If you’re unable to get professional help for whatever reason, there are a lot of things you can do on your own in order to cope with C-PTSD:
· First of all, you can start with getting away from the source of the trauma. In other words, you should cut the emotional abuser out of your life for good. (If you’re still in contact with the emotional manipulator, I recommend you to read my article titled ‘No Contact Rule’.)
· You should accept the fact what you’ve been through was abuse, acknowledge that emotional and psychological abuse are real problems and try to understand that you deserved none of it.
· If you have nobody to talk about your traumas, you can try writing them down.
· You can keep the people who are able to understand you and support you in your life; and get away from those who only judge and degrade you.
· You can reduce the things that causes you stress the best you can and try meditating and breathing exercises.
· Being out in the nature, consuming healthy food and exercising can also help a lot.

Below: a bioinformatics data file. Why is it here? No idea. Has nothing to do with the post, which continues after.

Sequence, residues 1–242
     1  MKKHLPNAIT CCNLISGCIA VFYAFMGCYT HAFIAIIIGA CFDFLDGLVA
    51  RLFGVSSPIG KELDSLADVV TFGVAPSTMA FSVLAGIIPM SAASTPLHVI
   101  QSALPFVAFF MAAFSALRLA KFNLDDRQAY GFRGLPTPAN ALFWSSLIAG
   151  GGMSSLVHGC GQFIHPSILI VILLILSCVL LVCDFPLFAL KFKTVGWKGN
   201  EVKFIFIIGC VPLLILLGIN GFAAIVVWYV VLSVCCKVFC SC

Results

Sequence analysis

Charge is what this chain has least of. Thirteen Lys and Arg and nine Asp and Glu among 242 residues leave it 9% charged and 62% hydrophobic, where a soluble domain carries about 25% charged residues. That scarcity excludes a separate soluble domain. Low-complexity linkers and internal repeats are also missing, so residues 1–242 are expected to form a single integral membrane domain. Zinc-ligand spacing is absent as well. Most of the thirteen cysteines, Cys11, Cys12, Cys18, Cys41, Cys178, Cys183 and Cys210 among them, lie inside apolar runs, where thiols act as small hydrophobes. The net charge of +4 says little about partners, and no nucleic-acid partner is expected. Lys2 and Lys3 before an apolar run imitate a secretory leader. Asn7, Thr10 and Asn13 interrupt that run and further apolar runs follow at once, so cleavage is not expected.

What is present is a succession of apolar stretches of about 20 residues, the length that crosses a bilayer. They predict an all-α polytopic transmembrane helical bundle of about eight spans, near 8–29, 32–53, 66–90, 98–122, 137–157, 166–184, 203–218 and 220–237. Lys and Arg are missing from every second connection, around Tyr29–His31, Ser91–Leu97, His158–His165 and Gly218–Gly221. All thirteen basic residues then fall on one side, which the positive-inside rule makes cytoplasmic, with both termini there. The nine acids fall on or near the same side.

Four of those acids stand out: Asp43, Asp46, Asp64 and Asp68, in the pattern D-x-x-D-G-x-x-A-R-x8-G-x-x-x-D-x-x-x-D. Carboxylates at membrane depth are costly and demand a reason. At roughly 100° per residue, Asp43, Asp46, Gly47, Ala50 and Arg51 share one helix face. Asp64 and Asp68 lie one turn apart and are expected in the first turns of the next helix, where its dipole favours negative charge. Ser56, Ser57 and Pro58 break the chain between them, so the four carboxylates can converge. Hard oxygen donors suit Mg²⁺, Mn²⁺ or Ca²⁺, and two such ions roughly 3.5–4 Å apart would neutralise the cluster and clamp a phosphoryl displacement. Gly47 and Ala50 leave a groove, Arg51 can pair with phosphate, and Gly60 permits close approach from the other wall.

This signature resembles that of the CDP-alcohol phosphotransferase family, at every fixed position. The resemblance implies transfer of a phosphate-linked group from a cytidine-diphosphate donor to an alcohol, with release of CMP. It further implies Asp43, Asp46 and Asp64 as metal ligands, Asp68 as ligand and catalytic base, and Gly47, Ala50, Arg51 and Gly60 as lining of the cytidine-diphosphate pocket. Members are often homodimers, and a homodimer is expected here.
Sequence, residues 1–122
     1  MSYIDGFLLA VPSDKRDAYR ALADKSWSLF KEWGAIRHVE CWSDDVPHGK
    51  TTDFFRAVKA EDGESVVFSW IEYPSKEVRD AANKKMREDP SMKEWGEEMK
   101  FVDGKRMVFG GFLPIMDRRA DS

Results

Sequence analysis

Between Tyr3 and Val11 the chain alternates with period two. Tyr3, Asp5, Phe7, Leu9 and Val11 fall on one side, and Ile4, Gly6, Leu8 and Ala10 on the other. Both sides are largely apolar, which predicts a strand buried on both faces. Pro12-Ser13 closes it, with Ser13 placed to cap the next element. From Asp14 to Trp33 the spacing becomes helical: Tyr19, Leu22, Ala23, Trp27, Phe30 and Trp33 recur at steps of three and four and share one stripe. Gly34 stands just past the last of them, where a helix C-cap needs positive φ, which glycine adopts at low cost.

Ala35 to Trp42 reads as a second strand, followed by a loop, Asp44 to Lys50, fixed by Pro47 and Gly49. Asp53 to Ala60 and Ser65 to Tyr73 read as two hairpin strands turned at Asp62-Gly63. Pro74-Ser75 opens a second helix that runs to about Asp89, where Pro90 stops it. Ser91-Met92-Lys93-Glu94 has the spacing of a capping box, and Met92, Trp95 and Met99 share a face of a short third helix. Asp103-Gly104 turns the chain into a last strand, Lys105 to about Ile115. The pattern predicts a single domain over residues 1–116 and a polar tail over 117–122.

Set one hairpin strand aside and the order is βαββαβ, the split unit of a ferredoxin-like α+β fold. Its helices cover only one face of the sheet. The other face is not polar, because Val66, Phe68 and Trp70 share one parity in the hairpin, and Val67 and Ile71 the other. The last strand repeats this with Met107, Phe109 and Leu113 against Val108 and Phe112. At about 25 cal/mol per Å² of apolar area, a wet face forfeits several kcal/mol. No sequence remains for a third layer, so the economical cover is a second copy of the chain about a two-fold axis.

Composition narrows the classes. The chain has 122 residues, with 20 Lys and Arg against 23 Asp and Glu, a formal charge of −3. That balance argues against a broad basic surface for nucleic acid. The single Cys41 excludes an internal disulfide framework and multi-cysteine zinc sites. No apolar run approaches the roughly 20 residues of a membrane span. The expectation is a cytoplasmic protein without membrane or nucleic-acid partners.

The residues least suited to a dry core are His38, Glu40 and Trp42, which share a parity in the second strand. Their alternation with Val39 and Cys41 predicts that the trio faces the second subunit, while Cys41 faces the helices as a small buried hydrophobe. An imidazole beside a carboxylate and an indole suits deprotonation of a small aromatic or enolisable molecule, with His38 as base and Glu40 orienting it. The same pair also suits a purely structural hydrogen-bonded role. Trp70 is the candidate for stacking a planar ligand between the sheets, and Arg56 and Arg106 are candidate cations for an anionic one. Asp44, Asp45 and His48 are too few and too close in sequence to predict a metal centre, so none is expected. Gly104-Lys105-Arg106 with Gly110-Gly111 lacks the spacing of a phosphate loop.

Also, you should accept that mental disorders cannot disappear all of a sudden, and that you need more time and effort. Therefore, you can stop putting too much pressure on yourself. Give yourself the time you need and deserve.
You can also find the articles on https://medium.com/@narsistsiz:
Nöropsikiyatri Arşivi. “ Çoklu Travmanın Etkilerine Alternatif Bir Yaklaşım: Karmaşık Travma Sonrası Stres Bozukluğu”. http://www.noropsikiyatriarsivi.com/sayilar/430/buyuk/312-314.pdf.
After Narcissistic Abuse. “Complex Post Traumatic Stress Disorder (C-PTSD)”. https://afternarcissisticabuse.wordpress.com/life/complex-post-traumatic-stress-disorder-c-ptsd/.
You can also check out my other articles on the subject: